In my freshman-year fall semester, my Thursdays went like this. I would wake up at 7:30am in Birnkrant residence hall, rush to EVK dining hall to gobble down breakfast, and race to my 8:00am Calculus III discussion. At 9:00am, I would head to Waite Phillips Hall for my general education philosophy discussion. As the clock struck 10:00am, I would have no more class for the day!
Now, that didn’t absolve me of my academic responsibilities. On Fridays, I still had Calculus III lecture and Writing 140. Typically, I had an assignment (a paper, outline, debate preparation, etc.) due in Friday’s Writing 140. But instead of going to the library, I would head to the campus center and grab breakfast (again) with my friend Max. We’d chat for a while before Jonny and Judah, two friends who lived in New-North, would stop by. As Max left for class, I would eat lunch with Jonny and Judah and talk about life, music, and classes. And even after Jonny and Judah left, I would stay in the campus center, perhaps removing my Calculus III textbook from my backpack to study. Long story short: every Thursday, I would spend six hours (10:00am to 4:00pm) wasting time in the campus center, talking to friends and eating food.
And every Thursday evening, I would regret my wastefulness. As 11:00pm rolled around, I would begrudgingly realize the need to start my Writing 140 homework. Instead of enjoying the evening’s festivities with my friends, I would hole up in the Birnkrant study room until 2:00am writing about the social ethics of genetically-modified foods.
How could I have avoided this fate? The simple answer: not spent six hours doing nothing in the campus center. However, the solution is a tad more complicated than that. In high school, life was organized for me. I would wake up at 7:05am. I would get to high school at 7:55am and sit in class until 2:00pm. Then, I would hop in my car and drive to swim practice at the downtown Danbury YMCA until 4:30pm. After eating dinner, I would start my homework. On Tuesday nights, I would have Boy Scouts at 7:30pm, and Mondays and Wednesdays meant Hebrew tutoring at my synagogue. After all my homework and evening activities were complete, I would sleep.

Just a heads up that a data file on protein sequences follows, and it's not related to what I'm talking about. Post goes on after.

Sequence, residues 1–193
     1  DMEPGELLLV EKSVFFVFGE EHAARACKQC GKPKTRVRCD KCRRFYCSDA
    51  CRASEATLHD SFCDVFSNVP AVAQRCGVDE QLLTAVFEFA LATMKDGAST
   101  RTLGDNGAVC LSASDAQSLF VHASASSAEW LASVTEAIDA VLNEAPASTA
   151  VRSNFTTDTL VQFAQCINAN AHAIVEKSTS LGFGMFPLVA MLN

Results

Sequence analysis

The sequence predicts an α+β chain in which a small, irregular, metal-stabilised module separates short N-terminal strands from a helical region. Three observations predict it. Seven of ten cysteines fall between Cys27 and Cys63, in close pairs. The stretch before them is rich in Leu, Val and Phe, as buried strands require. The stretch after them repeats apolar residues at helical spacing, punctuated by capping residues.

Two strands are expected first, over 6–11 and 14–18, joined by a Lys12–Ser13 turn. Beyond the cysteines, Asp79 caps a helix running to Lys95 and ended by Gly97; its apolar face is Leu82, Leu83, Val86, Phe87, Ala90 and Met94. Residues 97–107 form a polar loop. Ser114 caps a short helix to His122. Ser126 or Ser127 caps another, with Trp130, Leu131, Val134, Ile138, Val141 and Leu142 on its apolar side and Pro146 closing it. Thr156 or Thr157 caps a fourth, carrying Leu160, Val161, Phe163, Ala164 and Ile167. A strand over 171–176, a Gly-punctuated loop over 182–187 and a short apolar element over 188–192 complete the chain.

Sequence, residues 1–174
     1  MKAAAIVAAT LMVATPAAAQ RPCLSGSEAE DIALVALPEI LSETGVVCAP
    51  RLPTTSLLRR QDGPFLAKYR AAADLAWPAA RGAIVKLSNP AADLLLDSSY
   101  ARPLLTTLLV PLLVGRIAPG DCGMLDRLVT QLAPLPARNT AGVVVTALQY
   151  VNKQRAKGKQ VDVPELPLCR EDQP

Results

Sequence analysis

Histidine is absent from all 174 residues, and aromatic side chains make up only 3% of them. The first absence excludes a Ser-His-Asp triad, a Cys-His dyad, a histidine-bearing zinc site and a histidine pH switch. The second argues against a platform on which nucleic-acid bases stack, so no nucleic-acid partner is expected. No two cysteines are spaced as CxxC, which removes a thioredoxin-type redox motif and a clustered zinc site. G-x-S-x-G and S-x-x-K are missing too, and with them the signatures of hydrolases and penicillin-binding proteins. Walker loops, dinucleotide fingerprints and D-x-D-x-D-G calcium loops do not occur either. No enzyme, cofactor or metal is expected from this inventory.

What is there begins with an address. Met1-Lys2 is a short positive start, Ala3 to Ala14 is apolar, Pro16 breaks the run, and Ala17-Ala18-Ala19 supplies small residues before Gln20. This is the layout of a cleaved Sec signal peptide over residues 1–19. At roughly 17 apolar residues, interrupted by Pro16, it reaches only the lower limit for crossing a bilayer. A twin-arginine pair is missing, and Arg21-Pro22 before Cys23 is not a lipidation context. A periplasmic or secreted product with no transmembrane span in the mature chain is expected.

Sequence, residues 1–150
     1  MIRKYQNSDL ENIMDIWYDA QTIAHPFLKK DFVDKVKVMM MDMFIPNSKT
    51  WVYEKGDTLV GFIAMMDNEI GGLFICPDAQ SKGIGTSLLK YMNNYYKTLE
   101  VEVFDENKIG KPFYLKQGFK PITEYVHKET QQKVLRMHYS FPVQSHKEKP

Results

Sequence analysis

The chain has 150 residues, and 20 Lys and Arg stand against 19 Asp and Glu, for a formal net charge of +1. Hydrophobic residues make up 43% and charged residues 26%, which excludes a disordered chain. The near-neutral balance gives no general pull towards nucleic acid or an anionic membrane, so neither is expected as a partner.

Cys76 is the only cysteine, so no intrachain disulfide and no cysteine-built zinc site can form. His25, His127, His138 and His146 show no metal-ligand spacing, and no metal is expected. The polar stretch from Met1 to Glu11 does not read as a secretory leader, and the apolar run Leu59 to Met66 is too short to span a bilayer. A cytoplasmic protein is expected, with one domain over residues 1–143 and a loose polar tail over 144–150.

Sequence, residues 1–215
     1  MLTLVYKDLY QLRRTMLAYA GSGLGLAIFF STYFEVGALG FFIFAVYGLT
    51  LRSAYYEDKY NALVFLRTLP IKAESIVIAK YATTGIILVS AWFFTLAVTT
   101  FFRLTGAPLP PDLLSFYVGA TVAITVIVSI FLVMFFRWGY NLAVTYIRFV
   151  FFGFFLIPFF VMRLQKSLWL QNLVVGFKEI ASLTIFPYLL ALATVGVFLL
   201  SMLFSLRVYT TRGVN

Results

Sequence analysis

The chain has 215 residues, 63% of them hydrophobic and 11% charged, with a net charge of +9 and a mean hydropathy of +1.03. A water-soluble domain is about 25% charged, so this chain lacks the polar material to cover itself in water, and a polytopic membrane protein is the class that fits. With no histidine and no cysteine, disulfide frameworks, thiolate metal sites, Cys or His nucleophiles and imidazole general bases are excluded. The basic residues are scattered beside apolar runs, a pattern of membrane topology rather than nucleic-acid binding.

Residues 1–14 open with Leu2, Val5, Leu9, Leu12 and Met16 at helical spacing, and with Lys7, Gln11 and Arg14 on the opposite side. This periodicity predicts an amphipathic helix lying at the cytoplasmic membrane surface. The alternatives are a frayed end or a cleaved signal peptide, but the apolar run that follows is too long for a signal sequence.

College is not that simple. My schedule varied day-to-day. For example, I had class from 10:00am to 2:30pm every Monday and Wednesday, buy only those two hours of class on Thursday. I had trouble adjusting to my scheduling freedom and making good use of my ample time.
I just needed to find something to do with my time. Between homework, research, pledging a fraternity, and other activities, I had more than enough to do; allocating my time was the problem. Google Calendar helped me solve that problem. I would schedule my classes, my research time, my study hours, and my social time. Most importantly, I would stringently stick to that schedule, making sure to not fall behind.
Suddenly, my Thursdays became magnitudes more productive. I would still meet Max at 10:00am in the campus center for breakfast (again). But at 11:30am, I had another task to complete on my Google Calendar: finishing my Writing 140 homework. I would head to Leavey library until 3:00pm. After finishing the assignment, I was off to the lab to get a few hours of research in before the night’s festivities.
My advice? Use Google Calendar to create a routine or to-do list for yourself. You will be generally more productive and do better in classes. Most importantly, organizing your life will breed spontaneity and amazing memories! Who knows what I would have done on Thursday evenings if I did not have to write Writing 140 papers?
Where ever you attend, best of luck in your first collegiate semester. Feel free to reach out to me with questions. Fight on!